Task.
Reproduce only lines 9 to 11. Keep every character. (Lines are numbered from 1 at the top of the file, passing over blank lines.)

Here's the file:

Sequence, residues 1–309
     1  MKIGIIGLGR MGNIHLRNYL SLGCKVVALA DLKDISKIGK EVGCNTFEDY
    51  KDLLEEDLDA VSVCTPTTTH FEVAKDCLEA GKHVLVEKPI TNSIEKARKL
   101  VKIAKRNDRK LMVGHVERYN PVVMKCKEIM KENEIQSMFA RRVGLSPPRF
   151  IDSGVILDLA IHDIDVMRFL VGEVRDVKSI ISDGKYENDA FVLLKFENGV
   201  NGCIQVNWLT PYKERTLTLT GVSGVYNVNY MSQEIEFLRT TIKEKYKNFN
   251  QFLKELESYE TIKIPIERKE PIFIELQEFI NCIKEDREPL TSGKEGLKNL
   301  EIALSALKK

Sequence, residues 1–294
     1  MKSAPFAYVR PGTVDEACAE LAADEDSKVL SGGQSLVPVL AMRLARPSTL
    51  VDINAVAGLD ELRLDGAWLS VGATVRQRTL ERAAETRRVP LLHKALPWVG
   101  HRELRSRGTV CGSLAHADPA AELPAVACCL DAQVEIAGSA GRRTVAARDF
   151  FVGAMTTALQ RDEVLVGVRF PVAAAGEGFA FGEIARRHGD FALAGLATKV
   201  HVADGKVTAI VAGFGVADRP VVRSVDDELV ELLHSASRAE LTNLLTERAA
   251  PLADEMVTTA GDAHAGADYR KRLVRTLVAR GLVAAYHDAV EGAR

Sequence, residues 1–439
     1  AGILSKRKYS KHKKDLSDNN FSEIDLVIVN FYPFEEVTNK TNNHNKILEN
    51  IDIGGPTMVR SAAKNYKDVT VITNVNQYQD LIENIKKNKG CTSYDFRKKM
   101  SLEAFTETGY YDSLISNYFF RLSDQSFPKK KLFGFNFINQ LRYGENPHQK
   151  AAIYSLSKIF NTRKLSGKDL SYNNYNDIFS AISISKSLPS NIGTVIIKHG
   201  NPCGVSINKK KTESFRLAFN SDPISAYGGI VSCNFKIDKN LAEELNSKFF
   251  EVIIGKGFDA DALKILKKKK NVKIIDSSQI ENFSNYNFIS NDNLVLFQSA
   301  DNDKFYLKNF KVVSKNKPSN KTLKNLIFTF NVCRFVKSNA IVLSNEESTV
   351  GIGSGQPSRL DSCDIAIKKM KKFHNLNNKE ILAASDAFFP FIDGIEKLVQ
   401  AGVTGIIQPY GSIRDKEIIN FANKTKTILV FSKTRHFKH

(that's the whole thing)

Sequence, residues 1–294
     1  MKSAPFAYVR PGTVDEACAE LAADEDSKVL SGGQSLVPVL AMRLARPSTL
    51  VDINAVAGLD ELRLDGAWLS VGATVRQRTL ERAAETRRVP LLHKALPWVG